Around the globe, rainbow flags fly at half-mast. Orlando was not so much of a wake-up call, but rather a reminder. First we mourn, then we act.
Mike "had the most fun when he was hanging out with his buddies ... and talking (loudly) about politics."
The xenophobic bloviator has already done some damage in Prince William County. Now he wants to be governor.
Since Marx and Engels pinned the adjective "scientific" to socialism, we have toggled between the burden of Utopia and the urgency of fighting for justice.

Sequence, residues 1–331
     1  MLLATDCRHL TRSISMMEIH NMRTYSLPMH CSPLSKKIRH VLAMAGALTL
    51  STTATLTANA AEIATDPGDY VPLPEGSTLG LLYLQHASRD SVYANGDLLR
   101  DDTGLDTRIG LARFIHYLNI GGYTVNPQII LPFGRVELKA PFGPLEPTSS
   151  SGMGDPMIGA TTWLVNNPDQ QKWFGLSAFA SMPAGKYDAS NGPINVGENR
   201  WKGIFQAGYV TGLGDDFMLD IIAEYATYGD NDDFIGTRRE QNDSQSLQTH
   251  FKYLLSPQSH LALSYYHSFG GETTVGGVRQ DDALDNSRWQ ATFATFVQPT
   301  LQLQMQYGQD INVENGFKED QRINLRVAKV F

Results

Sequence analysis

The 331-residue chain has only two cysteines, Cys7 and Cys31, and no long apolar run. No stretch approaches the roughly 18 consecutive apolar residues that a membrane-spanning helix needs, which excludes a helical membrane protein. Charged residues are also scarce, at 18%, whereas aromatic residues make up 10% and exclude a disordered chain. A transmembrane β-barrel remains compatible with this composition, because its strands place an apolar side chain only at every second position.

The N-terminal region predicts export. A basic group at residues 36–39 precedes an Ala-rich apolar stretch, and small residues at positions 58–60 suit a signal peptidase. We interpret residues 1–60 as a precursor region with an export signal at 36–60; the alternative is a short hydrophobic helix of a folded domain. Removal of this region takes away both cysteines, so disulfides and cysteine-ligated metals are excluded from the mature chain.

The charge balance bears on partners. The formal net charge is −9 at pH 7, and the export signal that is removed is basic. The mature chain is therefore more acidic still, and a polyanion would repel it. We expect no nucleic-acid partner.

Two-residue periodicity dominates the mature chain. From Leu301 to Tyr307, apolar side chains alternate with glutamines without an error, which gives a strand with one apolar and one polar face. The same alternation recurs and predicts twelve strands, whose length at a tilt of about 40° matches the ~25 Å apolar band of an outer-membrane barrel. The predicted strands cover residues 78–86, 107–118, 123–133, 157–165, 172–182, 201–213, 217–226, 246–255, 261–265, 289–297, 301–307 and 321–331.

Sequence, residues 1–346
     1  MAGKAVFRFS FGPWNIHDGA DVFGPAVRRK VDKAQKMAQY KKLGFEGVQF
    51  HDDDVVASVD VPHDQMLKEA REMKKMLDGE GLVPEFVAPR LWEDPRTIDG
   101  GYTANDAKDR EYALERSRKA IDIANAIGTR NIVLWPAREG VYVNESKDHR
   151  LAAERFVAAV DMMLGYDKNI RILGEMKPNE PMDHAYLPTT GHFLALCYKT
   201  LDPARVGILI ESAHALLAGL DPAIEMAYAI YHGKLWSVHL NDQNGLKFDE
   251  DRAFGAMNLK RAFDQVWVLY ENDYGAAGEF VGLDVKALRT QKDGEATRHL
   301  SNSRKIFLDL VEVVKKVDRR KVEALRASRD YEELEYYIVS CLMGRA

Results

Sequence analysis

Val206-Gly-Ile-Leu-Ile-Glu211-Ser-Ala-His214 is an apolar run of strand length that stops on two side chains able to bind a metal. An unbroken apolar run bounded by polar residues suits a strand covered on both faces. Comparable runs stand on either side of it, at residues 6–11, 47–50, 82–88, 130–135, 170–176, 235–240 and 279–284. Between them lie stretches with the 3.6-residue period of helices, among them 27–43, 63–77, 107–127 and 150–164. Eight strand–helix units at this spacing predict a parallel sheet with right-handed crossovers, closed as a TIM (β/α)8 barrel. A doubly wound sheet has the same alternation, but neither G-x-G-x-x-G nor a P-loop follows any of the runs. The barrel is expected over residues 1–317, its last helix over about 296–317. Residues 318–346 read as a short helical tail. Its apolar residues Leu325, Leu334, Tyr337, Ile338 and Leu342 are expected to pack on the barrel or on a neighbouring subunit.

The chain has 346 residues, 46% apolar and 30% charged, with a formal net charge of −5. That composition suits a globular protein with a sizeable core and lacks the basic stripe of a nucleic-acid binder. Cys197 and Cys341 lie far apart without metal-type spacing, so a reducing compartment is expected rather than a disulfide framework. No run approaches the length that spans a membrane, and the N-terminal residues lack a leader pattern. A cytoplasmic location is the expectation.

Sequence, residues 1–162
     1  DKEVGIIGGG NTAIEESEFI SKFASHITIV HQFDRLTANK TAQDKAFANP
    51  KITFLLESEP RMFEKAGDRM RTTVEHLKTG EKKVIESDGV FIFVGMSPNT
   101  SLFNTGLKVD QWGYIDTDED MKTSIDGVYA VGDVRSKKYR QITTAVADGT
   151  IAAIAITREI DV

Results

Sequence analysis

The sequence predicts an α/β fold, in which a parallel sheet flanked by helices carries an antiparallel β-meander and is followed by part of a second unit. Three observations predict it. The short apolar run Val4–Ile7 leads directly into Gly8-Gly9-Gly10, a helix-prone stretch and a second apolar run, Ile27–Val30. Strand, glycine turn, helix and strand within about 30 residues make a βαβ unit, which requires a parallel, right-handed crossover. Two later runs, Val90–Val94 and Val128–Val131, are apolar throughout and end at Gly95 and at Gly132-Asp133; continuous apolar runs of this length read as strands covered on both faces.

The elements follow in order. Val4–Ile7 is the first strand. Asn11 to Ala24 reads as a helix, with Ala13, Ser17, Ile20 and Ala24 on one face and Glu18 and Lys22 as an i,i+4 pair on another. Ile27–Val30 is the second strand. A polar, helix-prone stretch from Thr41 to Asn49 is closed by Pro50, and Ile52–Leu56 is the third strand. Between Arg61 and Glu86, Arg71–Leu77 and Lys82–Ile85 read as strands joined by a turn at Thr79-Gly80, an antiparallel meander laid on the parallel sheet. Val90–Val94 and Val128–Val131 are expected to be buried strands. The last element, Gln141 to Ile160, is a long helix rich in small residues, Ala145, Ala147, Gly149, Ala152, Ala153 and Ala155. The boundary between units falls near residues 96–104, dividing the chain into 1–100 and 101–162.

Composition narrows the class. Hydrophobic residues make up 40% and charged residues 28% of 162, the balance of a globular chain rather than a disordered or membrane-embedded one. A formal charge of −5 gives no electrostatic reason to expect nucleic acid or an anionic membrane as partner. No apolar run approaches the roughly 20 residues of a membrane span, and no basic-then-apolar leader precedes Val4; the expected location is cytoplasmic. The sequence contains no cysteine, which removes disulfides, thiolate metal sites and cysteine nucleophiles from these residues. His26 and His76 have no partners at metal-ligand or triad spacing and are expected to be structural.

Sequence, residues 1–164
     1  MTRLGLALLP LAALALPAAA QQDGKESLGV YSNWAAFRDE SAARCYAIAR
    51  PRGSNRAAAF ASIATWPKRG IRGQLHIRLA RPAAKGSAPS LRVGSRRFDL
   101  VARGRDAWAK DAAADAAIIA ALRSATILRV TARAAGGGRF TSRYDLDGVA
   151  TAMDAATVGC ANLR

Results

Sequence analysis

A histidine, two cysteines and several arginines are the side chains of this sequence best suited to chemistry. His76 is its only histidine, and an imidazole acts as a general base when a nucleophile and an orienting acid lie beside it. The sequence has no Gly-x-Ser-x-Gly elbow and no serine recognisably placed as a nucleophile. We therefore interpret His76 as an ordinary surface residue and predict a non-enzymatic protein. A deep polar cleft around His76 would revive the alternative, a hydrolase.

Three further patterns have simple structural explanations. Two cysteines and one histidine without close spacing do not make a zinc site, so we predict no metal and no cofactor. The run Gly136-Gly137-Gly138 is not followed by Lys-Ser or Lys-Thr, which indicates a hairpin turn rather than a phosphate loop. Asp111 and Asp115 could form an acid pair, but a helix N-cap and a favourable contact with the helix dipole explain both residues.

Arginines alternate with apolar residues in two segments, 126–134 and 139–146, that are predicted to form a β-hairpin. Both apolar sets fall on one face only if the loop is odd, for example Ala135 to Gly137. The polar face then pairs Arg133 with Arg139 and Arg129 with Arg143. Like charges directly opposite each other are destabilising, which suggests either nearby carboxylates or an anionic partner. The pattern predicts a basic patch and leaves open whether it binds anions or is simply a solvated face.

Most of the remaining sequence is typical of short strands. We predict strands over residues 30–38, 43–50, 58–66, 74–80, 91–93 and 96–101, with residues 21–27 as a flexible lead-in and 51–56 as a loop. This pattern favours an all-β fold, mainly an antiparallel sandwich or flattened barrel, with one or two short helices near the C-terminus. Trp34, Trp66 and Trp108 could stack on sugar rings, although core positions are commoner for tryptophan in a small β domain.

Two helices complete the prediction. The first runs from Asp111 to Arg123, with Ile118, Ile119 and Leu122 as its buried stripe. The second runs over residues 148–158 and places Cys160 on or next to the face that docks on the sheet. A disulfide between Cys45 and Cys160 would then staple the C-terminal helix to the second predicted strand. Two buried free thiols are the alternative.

This election is less a choice about personality than about direction, less about individuals than about movements.
Trump is a man who consistently puts his profits over the prosperity of the people - imagine the kind of short-sighted policies he'll push for as president.
In May 2008, 60 percent of Clinton supporters were willing to vote for Obama. This year, 72 percent of Sanders' voters say they'll back Clinton against Trump.
Hillary, if she is smart, will tip her hat and extend a hand to Bernie long before they meet in Philadelphia.
It will soon be time to face the reality of the two-party system; either the Republicans or the Democrats will win the presidency.
Politics as usual won't change things. It will take a wave election, a sweeping rebuke to the obstructionist Republican Congress, for anything to happen.